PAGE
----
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06/23/88 the Hartford, As Subrogee v. Burns International

June 23, 1988

EXCHANGE, PLAINTIFF-APPELLANT

v.

BURNS INTERNATIONAL SECURITY SERVICES, INC., ET AL., DEFENDANTS-APPELLEES



APPELLATE COURT OF ILLINOIS, FIRST DISTRICT, FOURTH DIVISION

THE HARTFORD, as Subrogee of the Chicago Board of Options

526 N.E.2d 463, 172 Ill. App. 3d 184, 122 Ill. Dec. 204 1988.IL.988

Appeal from the Circuit Court of Cook County; the Hon. Myron T. Gomberg, Judge, presiding.

APPELLATE Judges:

JUSTICE JOHNSON delivered the opinion of the court. McMORROW and LINN, JJ., concur.

DECISION OF THE COURT DELIVERED BY THE HONORABLE JUDGE JOHNSON

Plaintiff, The Hartford, as insurer and subrogee of the Chicago Board of Options Exchange (hereinafter the Exchange), filed suit in the circuit court of Cook County against defendants, Burns International Security Services, Inc. (Burns), and its employee, Michael Word, to recover the proceeds paid to the Exchange for property damages. The trial court granted defendants' motions to dismiss all counts brought against them by The Hartford, as subrogee of the Exchange. The sole issue for review is whether the trial court properly found that the waiver of subrogation rights clause contained in the contract between Burns and the Exchange is enforceable and, therefore, a bar to this action.

We affirm.

The record shows that on May 4, 1979, Burns contracted with the Exchange to provide security services seven days a week, 24 hours a day, for the space it occupied in the Chicago Board of Trade Building at 141 West Jackson Boulevard, in Chicago.

On October 6, 1979, a fire occurred in the offices of the Exchange on the 22nd floor of the Board of Trade Building. On the day in question, Michael Word was assigned to the security detail provided by Burns on behalf of the Exchange. Plaintiff paid the Exchange for the property damage caused by the fire.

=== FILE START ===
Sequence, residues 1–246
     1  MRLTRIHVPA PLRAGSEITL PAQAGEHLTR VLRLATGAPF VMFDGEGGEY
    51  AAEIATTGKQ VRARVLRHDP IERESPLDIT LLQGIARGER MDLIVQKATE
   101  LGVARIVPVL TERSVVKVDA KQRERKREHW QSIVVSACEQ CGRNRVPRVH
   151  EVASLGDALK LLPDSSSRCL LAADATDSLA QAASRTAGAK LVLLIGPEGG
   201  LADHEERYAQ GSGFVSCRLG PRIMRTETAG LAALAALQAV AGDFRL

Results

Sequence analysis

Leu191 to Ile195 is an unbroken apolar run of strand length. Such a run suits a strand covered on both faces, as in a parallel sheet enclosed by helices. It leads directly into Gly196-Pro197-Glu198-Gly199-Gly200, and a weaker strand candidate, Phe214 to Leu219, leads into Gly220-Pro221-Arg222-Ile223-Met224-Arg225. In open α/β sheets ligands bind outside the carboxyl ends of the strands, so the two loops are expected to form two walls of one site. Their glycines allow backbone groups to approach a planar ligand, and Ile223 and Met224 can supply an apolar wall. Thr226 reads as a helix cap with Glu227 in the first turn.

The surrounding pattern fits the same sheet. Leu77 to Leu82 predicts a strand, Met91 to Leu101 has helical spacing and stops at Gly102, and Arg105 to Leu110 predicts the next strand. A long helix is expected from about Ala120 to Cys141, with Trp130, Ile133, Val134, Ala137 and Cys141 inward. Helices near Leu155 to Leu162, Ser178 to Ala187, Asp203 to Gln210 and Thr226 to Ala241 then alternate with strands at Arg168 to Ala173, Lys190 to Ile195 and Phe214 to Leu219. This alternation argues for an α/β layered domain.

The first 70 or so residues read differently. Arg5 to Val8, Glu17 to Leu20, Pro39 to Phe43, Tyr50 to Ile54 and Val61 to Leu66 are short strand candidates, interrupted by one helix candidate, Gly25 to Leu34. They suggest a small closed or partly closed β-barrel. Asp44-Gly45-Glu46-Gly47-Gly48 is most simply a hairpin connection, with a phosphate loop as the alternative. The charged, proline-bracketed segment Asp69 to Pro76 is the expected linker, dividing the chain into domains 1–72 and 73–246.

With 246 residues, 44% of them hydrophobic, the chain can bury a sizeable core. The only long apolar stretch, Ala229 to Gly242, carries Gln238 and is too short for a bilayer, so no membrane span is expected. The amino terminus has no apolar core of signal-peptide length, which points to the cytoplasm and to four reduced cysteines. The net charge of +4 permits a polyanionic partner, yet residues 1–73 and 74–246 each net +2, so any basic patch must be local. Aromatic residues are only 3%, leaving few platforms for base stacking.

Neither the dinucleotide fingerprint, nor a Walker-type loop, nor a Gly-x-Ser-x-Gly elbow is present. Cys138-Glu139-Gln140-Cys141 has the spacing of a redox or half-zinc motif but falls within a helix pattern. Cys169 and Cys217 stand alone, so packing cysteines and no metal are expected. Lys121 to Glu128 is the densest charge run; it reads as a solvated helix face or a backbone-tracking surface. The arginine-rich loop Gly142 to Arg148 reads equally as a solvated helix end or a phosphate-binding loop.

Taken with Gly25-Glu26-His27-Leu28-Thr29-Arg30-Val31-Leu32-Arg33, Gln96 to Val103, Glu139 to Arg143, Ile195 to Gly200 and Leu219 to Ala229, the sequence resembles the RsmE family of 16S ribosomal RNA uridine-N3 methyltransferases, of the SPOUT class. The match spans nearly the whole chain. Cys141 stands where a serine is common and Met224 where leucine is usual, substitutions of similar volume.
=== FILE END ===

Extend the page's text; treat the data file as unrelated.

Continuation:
On February 5, 1986, plaintiff filed its second amended complaint, alleging that the fire occurred as a result of the negligence of defendants. Defendants moved to dismiss the second amended complaint. Originally, defendants' motions were denied without prejudice; however, the court granted their motion to vacate that order. On November 10, 1986, the court granted the motions to dismiss, with prejudice, counts IV through VII, the only counts pertaining to plaintiff as subrogee of

Plaintiff contends that the waiver of subrogation rights clause contained in the contract between Burns and the Exchange is not enforceable for the following reasons: (1) the trial court failed to rule on whether New York law or Illinois law governs; (2) the clause violates New York law and Illinois public policy; (3) the insurer's right of subrogation cannot be waived without giving it notice prior to the loss; and (4) the clause is ambiguous and inconsistent with the limits of liability section.

Plaintiff argues that the trial court failed to make a ruling on whether New York law or Illinois law governs this case. Plaintiff claims that New York law controls because the contract between Burns and the Exchange contained a choice of law provision stating that New York law should govern the terms of the contract.

Illinois has recognized the validity of an express choice of law provision contained in a contract. (Reighley v. Continental Illinois National Bank & Trust Co. (1945), 390 Ill. 242, 249; Potomac Leasing Co. v. Chuck's Pub, Inc. (1987), 156 Ill. App. 3d 755, 757-58; Sumner Realty Co. v. Willcott (1986), 148 Ill. App. 3d 497, 500.) However, the law will be given effect subject to certain limitations: whether the choice of law provision contravenes Illinois public policy and whether there is some relationship between the chosen forum and the parties or the transaction. (Potomac Leasing Co., 156 Ill. App. 3d at 758-59.) There is no issue raised on the latter. Nevertheless, conflict of law rules are resorted to only when a ...


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